Judy Collins, in her book “Sweet Judy Blue Eyes: My Life in Music” (2011), wrote that Albert Grossman, the manager who had been instrumental in forming the group Peter, Paul and Mary, suggested that she, Ms. Henske and Jo Mapes form a trio, which he proposed to call the Brown-Eyed Girls. “You can get some brown contact lenses,” he told Ms. Collins.
That idea fizzled, but Ms. Henske was doing fine on her own. Mr. Doerge said that he first met her when, home from college on Christmas break in 1964, he was asked to fill in as her backing pianist for a show she was doing at La Cave, a club in Cleveland.
“Judy was already famous then,” he said, “and I was in awe.”
That same year, Ms. Henske toured with a young comedian named Woody Allen, with whom she had sometimes shared the bill at the Village Gate and other New York clubs. In later years she was often said to have inspired Mr. Allen’s character Annie Hall (who like Ms. Henske was from Chippewa Falls), something she was asked about so often that, she said in the 2000 interview with the Santa Cruz newspaper, it irked her a bit.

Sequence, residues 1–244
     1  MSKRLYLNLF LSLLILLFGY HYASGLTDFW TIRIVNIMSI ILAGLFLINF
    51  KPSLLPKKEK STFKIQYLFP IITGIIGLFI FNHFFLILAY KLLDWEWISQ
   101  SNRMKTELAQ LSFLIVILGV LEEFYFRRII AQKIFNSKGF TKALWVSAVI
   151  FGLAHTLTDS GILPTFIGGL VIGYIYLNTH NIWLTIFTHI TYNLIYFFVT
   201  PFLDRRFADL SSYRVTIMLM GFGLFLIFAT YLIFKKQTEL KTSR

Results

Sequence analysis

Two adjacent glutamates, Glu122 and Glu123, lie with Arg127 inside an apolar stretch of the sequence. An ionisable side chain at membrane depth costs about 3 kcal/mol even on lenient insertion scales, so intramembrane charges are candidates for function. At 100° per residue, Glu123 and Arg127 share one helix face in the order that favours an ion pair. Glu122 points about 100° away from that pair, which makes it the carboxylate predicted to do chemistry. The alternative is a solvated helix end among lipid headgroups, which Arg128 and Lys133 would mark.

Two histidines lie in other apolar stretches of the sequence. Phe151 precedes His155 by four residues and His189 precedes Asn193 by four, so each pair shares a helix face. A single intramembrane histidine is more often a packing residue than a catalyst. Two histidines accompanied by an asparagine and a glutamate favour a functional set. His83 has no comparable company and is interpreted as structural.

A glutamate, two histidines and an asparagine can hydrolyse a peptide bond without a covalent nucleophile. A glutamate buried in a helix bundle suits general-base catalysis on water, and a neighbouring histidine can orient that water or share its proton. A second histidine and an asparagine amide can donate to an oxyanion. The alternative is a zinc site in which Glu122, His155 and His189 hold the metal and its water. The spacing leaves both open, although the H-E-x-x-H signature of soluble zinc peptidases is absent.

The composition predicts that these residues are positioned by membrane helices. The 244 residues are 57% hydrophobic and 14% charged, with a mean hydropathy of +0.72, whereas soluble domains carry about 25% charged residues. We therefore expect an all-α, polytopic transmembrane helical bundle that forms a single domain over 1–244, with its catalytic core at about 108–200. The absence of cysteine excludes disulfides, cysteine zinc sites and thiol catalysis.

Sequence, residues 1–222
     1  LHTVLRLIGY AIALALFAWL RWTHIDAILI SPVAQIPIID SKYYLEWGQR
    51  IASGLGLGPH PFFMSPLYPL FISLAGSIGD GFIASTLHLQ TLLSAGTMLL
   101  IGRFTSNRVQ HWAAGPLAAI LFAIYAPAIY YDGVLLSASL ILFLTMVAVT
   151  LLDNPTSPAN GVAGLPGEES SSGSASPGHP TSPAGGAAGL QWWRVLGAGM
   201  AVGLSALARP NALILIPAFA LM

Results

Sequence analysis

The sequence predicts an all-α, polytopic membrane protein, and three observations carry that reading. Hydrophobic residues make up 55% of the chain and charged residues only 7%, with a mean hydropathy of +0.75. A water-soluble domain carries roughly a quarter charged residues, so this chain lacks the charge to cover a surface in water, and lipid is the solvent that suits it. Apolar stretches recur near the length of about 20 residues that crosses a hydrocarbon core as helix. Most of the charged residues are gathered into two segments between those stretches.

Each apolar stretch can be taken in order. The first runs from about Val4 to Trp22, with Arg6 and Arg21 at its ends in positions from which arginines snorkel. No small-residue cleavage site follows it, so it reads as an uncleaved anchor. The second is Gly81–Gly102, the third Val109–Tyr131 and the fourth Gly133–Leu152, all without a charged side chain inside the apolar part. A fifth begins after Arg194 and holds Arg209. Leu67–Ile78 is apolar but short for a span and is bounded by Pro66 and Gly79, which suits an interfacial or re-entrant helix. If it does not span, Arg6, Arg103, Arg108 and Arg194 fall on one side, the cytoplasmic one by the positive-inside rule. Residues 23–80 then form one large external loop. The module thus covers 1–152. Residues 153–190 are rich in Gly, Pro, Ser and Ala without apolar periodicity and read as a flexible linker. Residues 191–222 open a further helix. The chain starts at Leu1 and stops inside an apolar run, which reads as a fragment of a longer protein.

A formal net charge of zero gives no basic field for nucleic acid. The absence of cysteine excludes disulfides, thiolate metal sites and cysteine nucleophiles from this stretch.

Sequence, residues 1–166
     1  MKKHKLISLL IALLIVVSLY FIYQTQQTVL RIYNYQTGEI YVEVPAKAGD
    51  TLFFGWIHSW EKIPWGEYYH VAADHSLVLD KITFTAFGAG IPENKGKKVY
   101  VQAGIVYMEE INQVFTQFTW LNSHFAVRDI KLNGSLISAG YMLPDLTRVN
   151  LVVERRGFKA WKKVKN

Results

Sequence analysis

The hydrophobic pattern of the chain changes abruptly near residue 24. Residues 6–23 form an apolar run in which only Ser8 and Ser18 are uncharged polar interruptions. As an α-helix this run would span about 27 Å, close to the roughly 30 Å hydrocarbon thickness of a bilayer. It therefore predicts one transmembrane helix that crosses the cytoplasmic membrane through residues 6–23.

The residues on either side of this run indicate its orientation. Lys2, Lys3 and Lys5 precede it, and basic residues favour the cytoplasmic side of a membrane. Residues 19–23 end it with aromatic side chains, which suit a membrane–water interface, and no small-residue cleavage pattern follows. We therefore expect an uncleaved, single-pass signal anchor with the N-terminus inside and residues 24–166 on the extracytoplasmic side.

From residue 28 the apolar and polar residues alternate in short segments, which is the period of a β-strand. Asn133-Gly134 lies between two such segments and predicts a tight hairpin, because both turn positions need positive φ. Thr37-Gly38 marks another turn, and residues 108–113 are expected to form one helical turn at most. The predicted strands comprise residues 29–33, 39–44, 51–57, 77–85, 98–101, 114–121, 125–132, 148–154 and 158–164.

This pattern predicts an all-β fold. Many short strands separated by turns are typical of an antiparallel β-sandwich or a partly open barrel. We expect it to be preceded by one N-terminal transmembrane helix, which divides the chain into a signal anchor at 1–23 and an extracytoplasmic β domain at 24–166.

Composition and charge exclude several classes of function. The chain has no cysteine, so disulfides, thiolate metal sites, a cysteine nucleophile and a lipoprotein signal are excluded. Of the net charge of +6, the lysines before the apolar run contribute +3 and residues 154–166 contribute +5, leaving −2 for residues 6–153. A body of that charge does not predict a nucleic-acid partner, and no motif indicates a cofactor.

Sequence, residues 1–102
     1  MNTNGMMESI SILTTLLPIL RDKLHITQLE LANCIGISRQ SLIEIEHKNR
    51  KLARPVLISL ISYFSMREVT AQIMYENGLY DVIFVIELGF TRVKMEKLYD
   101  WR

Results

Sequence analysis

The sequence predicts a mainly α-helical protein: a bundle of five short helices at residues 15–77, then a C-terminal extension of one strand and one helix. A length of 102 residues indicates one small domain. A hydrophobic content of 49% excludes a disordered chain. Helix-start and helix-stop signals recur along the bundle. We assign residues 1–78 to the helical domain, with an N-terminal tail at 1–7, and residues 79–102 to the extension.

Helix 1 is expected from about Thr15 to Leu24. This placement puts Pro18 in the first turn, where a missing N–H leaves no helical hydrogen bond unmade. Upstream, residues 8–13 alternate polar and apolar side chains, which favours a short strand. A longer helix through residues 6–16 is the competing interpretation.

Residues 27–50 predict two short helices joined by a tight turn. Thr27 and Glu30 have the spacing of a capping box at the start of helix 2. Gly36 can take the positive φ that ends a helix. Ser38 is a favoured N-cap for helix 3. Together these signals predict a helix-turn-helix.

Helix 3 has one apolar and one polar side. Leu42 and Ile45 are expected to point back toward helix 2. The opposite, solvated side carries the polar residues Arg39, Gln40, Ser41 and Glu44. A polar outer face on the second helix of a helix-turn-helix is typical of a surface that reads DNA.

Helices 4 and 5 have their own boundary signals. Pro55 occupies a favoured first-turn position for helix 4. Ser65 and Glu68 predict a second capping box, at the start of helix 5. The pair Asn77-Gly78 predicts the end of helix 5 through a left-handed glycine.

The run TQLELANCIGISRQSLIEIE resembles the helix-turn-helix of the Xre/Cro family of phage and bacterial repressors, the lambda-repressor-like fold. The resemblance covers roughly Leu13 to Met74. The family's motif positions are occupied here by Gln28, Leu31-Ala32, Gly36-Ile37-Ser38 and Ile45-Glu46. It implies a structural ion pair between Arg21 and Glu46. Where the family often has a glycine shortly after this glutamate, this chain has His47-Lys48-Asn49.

“Woody used a lot of people as models for his people in his movies,” she said. “Annie Hall was an amalgam of maybe three different people. I think it was Louise Lasser, me and what’s-her-name, the movie actress.”
Diane Keaton? the interviewer prompted.
“Yeah, Diane Keaton.”
“So,” she added, “let’s move on from Woody.”
In addition to her husband, Ms. Henske, who lived in Los Angeles, is survived by a daughter from her first marriage, Kate DeLaPointe, and a granddaughter.